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Students Refusing Coal-Funded and Coal-Powered Buildings
At the University of Kentucky, students are fighting back against Alliance Coal's sponsorship of a new dorm for basketball players.
MSNBC reports that the $7 million dorm will be called the "Wildcat Coal Lodge," though it will be powered to at least some extent by green energy. According to the school, it will also meet LEED standards, though it is unclear which level of certification. But that doesn't appease students: At a Board of Trustees meeting, the vote was 16 to three in favor of naming the building after coal, but a small group of student protesters (about 30, according to the Lexington Herald-Leader) gathered to make their objections known before being asked to leave by board members. The three votes against the lodge came from Ernest Yanarella, a faculty representative; Robynn Pease, the staff
representative; and Ryan M. Smith, the student representative.
UK's students are part of a growing movement targeted specifically against coal, which is still cheaper than many renewable options, but levies its own taxes on the climate and to mining regions' land, water, and communities.(It's Getting Hot in Here frequently covers student-led campaigns against coal mining in Appalachia.)
It's these externalized costs on health and living ecosystems that are the primary reason for protest. A recent National Research Council report notes that "In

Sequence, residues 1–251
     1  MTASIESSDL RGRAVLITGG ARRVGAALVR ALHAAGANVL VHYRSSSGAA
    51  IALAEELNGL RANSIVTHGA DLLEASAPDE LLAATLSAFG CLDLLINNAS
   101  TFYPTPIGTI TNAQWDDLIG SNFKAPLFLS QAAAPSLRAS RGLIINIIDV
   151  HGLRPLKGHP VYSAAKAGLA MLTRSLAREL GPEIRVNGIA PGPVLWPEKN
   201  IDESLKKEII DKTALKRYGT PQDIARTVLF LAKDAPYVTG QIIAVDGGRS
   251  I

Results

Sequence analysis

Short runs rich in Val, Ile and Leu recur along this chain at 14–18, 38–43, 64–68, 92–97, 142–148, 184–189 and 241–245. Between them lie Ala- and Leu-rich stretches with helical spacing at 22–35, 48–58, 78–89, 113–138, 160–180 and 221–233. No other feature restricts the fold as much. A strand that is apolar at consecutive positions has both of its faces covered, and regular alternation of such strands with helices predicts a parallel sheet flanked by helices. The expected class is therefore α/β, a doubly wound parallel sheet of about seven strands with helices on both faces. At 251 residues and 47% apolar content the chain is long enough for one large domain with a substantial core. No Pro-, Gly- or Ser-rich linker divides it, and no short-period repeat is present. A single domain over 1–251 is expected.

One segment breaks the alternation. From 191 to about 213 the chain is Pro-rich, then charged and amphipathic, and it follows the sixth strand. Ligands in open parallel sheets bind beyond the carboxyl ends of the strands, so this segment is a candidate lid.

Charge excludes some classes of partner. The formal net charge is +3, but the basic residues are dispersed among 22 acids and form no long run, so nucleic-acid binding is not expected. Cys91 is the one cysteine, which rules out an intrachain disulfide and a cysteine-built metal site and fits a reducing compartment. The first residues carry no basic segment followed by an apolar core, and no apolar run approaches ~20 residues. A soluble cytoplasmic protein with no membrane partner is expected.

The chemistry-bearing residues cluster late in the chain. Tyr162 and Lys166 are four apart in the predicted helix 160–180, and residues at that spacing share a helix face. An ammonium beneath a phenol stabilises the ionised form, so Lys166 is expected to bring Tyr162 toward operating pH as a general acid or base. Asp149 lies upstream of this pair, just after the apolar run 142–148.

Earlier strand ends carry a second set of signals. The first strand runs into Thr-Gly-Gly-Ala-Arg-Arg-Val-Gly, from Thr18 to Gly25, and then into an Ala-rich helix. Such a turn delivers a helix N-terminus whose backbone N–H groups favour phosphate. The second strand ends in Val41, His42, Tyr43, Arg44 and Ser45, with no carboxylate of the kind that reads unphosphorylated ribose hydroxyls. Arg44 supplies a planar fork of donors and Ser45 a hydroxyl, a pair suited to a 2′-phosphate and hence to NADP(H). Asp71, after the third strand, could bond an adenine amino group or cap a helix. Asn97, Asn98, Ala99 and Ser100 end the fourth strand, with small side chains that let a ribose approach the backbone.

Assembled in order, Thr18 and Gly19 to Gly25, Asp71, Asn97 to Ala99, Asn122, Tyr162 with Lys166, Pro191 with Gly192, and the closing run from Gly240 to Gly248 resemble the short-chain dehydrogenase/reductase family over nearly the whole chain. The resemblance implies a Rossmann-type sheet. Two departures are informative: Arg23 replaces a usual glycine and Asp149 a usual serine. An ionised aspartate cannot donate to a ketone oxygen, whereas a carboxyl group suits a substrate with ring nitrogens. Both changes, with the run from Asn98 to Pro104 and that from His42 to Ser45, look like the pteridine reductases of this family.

2005, the total annual external damages from sulfur dioxide, nitrogen
oxides, and particulate matter created by burning coal at 406
coal-fired power plants, which produce 95 percent of the nation’s
coal-generated electricity, were about $62 billion; these nonclimate
damages average about 3.2 cents for every kilowatt-hour (kwh) of energy
produced. A relatively small number of plants—10 percent of the total number—accounted for 43 percent of the damages" (emphasis added). The climate damages, of course, are well-documented elsewhere.
The Leadership Campaign, which had some students in Massachusetts sleeping outdoors between late October and Thanksgiving, also takes a stand on coal and climate. Students for a Just and Stable Future (formerly known as Power Shift Massachusetts), along with Jim Hansen and Bill McKibben, who each spent a night with the protestors, have been receiving citations (misdemeanor trespassing charges) for sleeping in tents on the Boston Commons, trying to convince legislators to pass a bill to power Massachusetts with 100 percent clean electricity by 2020. So far, more than 20 of the 200 state legislators have agreed to sign on to a letter asking Governor Patrick to introduce such a bill. Students at Western
Massachusetts U., Clark
and Northeastern also "slept out" on their campuses to register their support.